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Simmons, R., Makatchev, M., Kirby R,. Lee, M., Fanaswala, I., Browning, B., Forlizzi, J. & Sakr, M. (2011). Believable Robot Characters. AI Magazine, winter 2011, 39-52.

  author = 	 {Simmons, R., Makatchev, M., Kirby R,. Lee, M., Fanaswala, I., Browning, B., Forlizzi, J. & Sakr, M.},
  title = 	 {Believable Robot Charcters},
  journal = 	 {AI Magazine},
  year = 	 {2011},
  volume = 	 {winter},
  pages = 	 {39--52}

Author of the summary: Hana Lang, 2011, hanarae@gmail.com

Cite this paper for:

The actual paper can be found at


What makes a robot character believable? Richness and continuity of character. How are these qualities achieved?

Backstory [pg42]

Creating evolving story line that includes details about character's life.

Events are designed and scheduled in advance.

The events contribute to characters's mood and emotion.

Events are created as objects in the character's internal content database.

Each event has attributes including a time for which it starts and ends, and associated mood, dialogue, and a list of any other of the character's internal objects that may be involved in the event.

Social Verbal and Nonverbal Behaviours: [pg43]

Socially appropriate behaviours may facilitate attracting interactors.

AI scientists trained a classifier to predict how likely a person will be to interact with the robot based on proximity, velocity etc. If the classifier determines a person is likely to interact, the robot will initiate the interaction.

There are also strategies used to encourage social responses.

Facial expression and gaze contribute to liveliness, which in turn promotes social responses such as thanking and issuing farewells.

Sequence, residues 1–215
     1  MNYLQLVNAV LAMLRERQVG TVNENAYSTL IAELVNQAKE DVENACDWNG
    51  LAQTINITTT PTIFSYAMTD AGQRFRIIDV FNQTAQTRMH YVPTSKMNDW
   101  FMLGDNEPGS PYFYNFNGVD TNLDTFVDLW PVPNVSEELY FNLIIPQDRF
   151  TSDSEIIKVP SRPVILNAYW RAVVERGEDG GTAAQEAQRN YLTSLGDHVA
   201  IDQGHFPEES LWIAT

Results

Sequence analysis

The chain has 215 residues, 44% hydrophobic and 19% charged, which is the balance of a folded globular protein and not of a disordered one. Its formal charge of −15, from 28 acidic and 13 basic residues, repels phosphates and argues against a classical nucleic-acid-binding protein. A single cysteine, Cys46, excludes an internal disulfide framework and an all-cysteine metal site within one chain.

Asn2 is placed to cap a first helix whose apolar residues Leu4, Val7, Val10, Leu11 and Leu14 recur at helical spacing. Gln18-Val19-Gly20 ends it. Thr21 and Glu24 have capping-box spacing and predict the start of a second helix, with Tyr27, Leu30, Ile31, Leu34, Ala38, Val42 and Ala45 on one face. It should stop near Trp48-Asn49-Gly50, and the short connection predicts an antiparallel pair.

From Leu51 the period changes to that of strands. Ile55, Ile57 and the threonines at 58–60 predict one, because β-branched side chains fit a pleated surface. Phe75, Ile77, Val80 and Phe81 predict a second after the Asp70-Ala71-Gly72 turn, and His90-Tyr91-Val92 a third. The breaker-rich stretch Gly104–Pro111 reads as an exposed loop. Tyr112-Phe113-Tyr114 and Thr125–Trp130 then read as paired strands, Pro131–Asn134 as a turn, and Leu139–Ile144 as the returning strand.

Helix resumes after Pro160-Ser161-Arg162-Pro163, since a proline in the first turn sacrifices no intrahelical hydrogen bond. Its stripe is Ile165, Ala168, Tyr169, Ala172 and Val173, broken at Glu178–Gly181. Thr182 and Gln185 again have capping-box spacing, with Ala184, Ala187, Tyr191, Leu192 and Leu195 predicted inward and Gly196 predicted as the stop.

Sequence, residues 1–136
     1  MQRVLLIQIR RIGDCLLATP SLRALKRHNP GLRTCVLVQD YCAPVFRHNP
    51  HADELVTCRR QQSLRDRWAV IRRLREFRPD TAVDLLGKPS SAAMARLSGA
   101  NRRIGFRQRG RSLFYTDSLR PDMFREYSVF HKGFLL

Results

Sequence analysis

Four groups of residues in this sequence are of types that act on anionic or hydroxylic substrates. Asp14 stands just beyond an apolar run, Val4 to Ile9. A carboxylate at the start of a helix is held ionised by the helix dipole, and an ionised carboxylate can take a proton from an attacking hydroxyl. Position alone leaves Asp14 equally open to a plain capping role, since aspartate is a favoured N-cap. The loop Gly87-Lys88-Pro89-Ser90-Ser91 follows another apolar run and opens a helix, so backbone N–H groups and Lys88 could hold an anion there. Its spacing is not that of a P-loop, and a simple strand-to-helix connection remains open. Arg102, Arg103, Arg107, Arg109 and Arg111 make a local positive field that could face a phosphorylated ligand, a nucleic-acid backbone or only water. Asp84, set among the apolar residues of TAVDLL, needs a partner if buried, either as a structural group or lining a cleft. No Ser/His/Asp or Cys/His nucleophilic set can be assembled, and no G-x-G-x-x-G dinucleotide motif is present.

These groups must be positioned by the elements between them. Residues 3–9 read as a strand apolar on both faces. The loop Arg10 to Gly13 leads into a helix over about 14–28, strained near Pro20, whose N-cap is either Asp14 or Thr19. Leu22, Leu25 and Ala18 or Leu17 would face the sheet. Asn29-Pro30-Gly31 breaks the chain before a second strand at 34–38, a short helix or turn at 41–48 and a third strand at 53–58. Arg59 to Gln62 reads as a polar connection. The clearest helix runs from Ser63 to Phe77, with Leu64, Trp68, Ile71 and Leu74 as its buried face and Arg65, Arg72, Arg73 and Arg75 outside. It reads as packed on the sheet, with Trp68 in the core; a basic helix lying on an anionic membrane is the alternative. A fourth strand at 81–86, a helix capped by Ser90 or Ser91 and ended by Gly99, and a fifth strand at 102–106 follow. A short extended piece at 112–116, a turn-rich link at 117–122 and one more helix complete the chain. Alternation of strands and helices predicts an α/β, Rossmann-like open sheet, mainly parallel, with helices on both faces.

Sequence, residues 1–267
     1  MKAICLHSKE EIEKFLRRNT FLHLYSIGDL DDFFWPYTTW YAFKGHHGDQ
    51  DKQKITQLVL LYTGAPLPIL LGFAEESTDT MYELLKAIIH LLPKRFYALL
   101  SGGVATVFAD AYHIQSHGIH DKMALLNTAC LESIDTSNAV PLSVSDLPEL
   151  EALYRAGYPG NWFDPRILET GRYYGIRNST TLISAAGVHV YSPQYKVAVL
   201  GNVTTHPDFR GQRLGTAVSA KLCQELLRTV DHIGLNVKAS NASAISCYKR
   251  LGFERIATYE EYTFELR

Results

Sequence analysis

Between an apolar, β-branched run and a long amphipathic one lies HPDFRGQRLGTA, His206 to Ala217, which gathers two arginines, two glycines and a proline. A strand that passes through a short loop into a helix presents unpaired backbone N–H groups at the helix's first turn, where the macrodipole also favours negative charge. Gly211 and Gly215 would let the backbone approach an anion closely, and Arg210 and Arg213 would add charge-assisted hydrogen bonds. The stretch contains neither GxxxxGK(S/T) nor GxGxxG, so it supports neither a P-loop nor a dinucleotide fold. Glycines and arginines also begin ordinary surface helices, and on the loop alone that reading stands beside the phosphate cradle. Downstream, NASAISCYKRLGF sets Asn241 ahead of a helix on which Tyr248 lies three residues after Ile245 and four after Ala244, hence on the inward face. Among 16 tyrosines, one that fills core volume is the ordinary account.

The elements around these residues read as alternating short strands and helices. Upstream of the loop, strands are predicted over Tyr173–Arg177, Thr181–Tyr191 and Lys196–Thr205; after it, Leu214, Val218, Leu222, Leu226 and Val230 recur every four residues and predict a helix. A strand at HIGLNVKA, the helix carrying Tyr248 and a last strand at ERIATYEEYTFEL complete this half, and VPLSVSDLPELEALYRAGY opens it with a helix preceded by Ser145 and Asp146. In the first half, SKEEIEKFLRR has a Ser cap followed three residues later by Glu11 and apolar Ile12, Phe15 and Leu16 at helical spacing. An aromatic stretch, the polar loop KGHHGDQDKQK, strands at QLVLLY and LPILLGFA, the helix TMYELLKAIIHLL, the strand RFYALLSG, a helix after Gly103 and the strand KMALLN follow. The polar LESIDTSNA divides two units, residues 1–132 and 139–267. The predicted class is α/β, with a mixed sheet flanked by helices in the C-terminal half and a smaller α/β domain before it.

Robot spontaneously engages in autonomic behaviour such as breathing.

Mood: [pg48]

Mood represented as a valence and intensity. Positive social exchanges improve mood of robot, negative exchanges cause mood to worsen.

Expressing Culture: [pg45]

Users more likely to interact with robots if they experience sense of sameness, known as homophily.

Using language, context and appearance, engineers create robots in image of the majority demographic of interactors.

Topics, Greeting, Discourse features: [pg46]

Two classes of users: those seeking information, and those inquiring about the robot itself.

Eliciting Social Behaviours through Dialogue Strategies: [pg47]

Greeting an interactor increases likelihood of user responding with a greeting.

Those who greet the robot more likely to get their questions answered. Users more likely to thank robot if the robot makes a non-verbal expression of effort.

Pragmatic Analysis: [pg49]

Important feature of natural language that needs to be addressed in AI are the implicatures that are generated in natural speech.

Figure 1 is a photo of Valerie at Work at Carnegie Mellon in Pittsburgh, Pennsylvania [pg 41]
Figure 2 is a photo of Tank at Work at Carnegie Mellon in Pittsburgh, Pennsylvania [pg 42]
Figure 3 is a photo of Hala at Work in Doha, Qatar [pg 43]
Figure 4 is a photo of the faces of all three roboceptionists, including the new version of Valerie [pg44]
Figure 5 depicts Valerie's emotional range [pg45]
Figure 6 depicts the Temporal Flow of an information-Seeking Interaction [pg47]
Figure 7 depicts a dialogue fragment containing the embedded question in Turns 2 and 4, to illustrate implicature construction[pg50]

Table 1 depicts frequency of interactions by topic adopted from Lee and Markatchev (2009)

Summary author's notes:

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